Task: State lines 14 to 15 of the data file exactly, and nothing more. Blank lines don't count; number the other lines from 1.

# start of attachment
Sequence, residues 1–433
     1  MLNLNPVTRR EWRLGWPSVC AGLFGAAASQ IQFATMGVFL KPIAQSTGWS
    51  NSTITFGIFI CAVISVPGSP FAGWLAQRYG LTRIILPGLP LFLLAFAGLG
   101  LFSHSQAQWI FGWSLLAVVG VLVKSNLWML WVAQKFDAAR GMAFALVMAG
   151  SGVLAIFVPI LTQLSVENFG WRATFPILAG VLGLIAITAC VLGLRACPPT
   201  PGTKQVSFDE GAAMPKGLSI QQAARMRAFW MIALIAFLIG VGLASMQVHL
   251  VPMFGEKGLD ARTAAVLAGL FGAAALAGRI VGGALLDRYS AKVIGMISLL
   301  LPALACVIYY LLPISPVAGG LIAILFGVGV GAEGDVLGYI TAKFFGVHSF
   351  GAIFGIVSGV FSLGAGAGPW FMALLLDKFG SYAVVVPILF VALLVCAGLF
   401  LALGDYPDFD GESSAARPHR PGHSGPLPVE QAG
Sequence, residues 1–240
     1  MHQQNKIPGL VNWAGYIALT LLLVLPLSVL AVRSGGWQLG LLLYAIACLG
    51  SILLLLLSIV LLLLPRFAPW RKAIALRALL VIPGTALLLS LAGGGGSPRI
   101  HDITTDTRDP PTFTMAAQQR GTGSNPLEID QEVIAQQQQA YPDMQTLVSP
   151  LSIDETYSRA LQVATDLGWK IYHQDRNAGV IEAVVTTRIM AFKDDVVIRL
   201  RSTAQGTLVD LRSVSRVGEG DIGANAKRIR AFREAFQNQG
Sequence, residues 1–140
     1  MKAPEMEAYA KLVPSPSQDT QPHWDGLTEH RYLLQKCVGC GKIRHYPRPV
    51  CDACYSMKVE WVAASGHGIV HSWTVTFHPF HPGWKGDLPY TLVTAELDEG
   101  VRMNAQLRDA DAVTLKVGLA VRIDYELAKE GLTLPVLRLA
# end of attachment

   101  HDITTDTRDP PTFTMAAQQR GTGSNPLEID QEVIAQQQQA YPDMQTLVSP
   151  LSIDETYSRA LQVATDLGWK IYHQDRNAGV IEAVVTTRIM AFKDDVVIRL